The Empire Strikes Back: Counterrevolutionary Strategies for Industry Leaders

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Richard D’Aveni wrote an article discussing the challenges faced by industry leaders or incumbents who often encounter threats that could render their competencies and products outdated. These threats can manifest as new technologies or business models, which the author refers to as revolutions. In his article, D’Aveni outlines the structure of a counterrevolution and suggests strategies that incumbents should implement to defend themselves against revolutionaries. The author provides a detailed explanation of five different strategies that industry leaders should employ for self-protection against revolutions.

According to D’Aveni, in strategic management, counterrevolution strategies are important for incumbents who face potential threats to their industry from new technologies and business models. After analyzing the strategies of over 100 incumbents, D’Aveni discovered that many revolutions fail. The few successful revolutions owe their success more to the incompetence of the incumbents rather than the strength of the revolution itself.

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According to D’Aveni, industry leaders often neglect revolutions for too long, allowing them to gain momentum in the industry. On the other hand, he also discovered that by fully embracing revolutions, companies end up weakening their strengths and depleting their resources. To mitigate the impact of revolutions, companies can adopt suitable counterrevolutionary strategies. D’Aveni suggests five strategies for incumbents to counter a revolution: containment, shaping, absorption, neutralization, and annulment.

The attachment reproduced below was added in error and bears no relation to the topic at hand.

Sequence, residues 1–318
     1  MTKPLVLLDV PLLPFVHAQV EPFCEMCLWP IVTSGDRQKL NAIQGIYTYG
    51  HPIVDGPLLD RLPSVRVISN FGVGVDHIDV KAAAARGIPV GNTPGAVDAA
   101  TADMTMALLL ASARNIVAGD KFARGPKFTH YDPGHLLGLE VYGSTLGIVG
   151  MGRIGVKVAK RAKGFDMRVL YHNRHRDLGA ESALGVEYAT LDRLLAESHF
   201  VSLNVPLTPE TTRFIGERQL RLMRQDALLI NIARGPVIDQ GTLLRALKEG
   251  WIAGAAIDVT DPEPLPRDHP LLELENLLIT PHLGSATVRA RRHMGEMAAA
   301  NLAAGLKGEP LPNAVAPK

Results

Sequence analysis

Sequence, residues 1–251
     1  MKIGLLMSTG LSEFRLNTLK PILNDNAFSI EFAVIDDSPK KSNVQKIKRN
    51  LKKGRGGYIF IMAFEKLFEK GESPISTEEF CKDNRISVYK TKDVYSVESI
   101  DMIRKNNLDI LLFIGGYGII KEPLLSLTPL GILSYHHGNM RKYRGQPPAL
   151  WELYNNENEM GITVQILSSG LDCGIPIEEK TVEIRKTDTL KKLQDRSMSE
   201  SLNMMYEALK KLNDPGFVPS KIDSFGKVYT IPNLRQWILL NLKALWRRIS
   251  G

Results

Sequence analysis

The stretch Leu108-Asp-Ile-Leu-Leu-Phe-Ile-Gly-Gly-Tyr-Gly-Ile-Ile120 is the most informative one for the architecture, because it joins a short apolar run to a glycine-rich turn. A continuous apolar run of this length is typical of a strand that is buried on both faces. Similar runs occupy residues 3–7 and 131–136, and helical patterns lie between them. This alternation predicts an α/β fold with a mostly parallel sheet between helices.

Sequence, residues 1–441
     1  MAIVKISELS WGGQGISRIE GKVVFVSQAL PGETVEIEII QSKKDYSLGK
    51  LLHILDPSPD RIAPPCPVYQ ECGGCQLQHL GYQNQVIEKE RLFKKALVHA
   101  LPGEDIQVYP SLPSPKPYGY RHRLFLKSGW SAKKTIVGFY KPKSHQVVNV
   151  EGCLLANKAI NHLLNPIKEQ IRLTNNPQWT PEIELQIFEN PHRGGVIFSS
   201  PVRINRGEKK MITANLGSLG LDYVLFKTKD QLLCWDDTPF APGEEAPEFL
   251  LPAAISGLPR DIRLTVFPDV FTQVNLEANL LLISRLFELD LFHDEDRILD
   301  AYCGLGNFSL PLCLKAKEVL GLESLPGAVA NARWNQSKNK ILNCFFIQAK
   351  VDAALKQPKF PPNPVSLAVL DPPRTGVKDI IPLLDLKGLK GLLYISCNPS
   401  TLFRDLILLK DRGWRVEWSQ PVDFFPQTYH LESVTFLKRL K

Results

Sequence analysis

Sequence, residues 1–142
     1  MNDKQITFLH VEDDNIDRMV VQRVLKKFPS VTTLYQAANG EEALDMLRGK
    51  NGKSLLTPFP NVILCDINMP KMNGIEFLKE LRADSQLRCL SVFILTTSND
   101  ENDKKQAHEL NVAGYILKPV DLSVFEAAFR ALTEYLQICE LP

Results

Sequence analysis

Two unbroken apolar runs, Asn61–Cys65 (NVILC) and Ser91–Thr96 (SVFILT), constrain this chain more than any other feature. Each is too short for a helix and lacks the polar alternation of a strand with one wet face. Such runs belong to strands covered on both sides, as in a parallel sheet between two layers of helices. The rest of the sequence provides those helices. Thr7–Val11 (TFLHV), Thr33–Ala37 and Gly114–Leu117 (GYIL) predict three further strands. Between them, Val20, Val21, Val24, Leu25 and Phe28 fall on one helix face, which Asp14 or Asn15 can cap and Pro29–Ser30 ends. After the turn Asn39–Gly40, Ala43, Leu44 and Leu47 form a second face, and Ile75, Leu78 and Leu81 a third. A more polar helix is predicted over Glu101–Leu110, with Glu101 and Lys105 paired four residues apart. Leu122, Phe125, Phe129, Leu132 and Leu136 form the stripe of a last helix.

These strategies are used in relation to the status of the revolution. A containment strategy is employed when a revolution is detected early. If containment is no longer possible, an incumbent can employ the shaping strategy. However, if a revolution is projected to succeed, an absorption strategy may be utilized. If a revolution is discovered too late to be countered by the previous strategies, it must be neutralized. Ineffective application of any of these strategies allows the incumbent to resort to the annulment strategy.

The containment strategy can stop the revolution before it starts or provide leaders with time to analyze the threat and plan their next step if it fails. There are several methods to employ containment against revolutions, such as utilizing loyalty or incentive programs. Incumbents can try to secure customers by keeping them dedicated to their existing services and products. For example, major airlines offer frequent flyer programs to retain customers.